# Squricangle, Magic Angle Sculpture, and …

Welcome to this week’s Math Munch!

There’s a neat old problem/puzzle that goes like this: make a 3-D shape that could fit snugly through each of three holes—one a square, one a circle, and one a triangle. To make a shape that works for just two holes isn’t so tricky. For example, a cylinder that is just as tall as it is across would fit snugly through a circle hole and a square hole. Can you think of what would work for each of the other two shape combos? What about all three?

Three holes, three shapes…and what’s that over in the corner??

If you’re curious about the answer, you might enjoy this post by Kit Wallace or this page by George Hart or—believe it or not—roundsquaretriangle.com. I don’t know the origin of this puzzle and would love to. I haven’t found any info about it after to poking around the internet for a while. So if you locate any information about the backstory of the squircangle—which is not its real name, just one that I made up—please let us know!

Even though I knew about the square-circle-triangle problem, I was not at all prepared to encounter the solution to the jet-butterfly-dragon problem!

Dragon Butterfly Jet is just one of several “magic angle sculptures” created by artist, chemist, and PhD, and high school dropout John V. Muntean. John writes the following in his Artist Statement:

As a scientist and artist, I am interested in the how perception influences our theory of the universe. … Every 120º of rotation, the amorphous shadows evolve into independent forms. Our scientific interpretation of nature often depends upon our point of view. Perspective matters.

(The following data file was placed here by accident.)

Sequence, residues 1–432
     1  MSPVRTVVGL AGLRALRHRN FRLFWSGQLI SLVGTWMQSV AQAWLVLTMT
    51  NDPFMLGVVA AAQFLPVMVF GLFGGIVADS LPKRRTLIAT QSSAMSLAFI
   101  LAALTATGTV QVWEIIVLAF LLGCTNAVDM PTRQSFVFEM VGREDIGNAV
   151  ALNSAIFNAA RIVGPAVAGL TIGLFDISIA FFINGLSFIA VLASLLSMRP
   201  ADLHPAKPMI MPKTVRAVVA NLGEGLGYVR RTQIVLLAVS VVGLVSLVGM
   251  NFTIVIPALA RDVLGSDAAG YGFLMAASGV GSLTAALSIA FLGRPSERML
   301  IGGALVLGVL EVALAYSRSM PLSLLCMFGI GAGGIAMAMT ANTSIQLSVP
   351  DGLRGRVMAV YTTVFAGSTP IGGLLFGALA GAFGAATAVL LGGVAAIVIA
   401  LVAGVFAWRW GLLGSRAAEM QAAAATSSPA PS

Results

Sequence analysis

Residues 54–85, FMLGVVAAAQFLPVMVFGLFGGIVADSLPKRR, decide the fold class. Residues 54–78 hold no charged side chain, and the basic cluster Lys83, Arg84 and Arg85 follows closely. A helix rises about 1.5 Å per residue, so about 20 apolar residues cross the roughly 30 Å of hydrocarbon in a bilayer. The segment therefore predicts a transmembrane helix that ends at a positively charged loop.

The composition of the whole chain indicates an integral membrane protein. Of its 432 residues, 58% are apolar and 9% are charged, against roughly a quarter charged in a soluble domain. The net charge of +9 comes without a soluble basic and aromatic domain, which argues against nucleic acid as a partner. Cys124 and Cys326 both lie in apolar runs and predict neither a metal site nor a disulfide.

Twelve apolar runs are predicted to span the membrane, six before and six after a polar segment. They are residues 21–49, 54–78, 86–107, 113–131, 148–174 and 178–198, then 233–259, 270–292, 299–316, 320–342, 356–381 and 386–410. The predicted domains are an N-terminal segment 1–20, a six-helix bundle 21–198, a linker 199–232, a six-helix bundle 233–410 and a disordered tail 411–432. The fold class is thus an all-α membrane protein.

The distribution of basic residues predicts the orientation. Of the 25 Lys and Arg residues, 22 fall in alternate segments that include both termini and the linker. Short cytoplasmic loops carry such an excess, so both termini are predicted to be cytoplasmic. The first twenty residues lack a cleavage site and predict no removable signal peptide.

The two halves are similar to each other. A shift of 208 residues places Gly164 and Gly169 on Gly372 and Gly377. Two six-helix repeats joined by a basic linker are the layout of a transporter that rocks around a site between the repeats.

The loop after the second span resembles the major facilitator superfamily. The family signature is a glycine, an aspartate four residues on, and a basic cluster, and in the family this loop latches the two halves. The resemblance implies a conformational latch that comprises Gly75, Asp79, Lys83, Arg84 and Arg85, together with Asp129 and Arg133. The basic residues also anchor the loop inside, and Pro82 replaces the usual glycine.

There’s much more to see on John’s website. And you can check out Dragon Butterfly Jet in action in the video below, along with Knight Mermaid Pirate-Ship. I also recommend this video made by John where he demonstrates how his sculpture works himself. It also includes a stop-frame animation of the sculpture being built! So cool.

No, not ellipses…

And finally, what you’ve all been waiting for…

…!

That’s right! My final share of the week is that most outspoken of punctuation marks, the ellipsis. Because often what you don’t say says a whole lot! That’s true when writing a story or some dialogue, and it’s also true in mathematics. Watch: 1+2+3+…+100. See? Pretty neat! Those three dots sure say a mouthful…

The ellipsis is probably my second favorite punctuation mark—after the em dash, of course. But don’t take my word for it. Instead, check out this article about the history and uses—mathematical and otherwise—of the humble ellipsis. Author Cameron Hunt McNabb writes:

Thus the ellipsis has been used to indicate anything from the erroneous to the irrational, and its intrigue lies in resistance to meaning. As long as we have things to say, we will have things to omit.

The very first equals sign, in 1557.

I could go on and on about the ellipsis, just like pi does: 3.1415… But anyway, while we’re on the subject of punctuation, let me point you to one of my favorite sites on the mathematical internet: the Earliest Uses of Various Mathematical Symbols page, maintained by Jeff Miller. Jeff teaches high school math in Florida and also has some other great pages, too, including this one about mathematicians featured on stamps.

Bon…

A nice visualization of the squircangle by Matt Henderson

…appetit!

# The Museum of Math, Shapes That Roll, and Mime-matics

Welcome to this week’s Math Munch!  We have so many exciting things to share with you this week – so let’s get started!

Something very exciting to math lovers all over the world happened on Saturday.  The Museum of Mathematics opened its doors to the public!

The Museum of Mathematics (affectionately called MoMath – and that’s certainly what you’ll get if you go there) is in the Math Munch team’s hometown, New York City.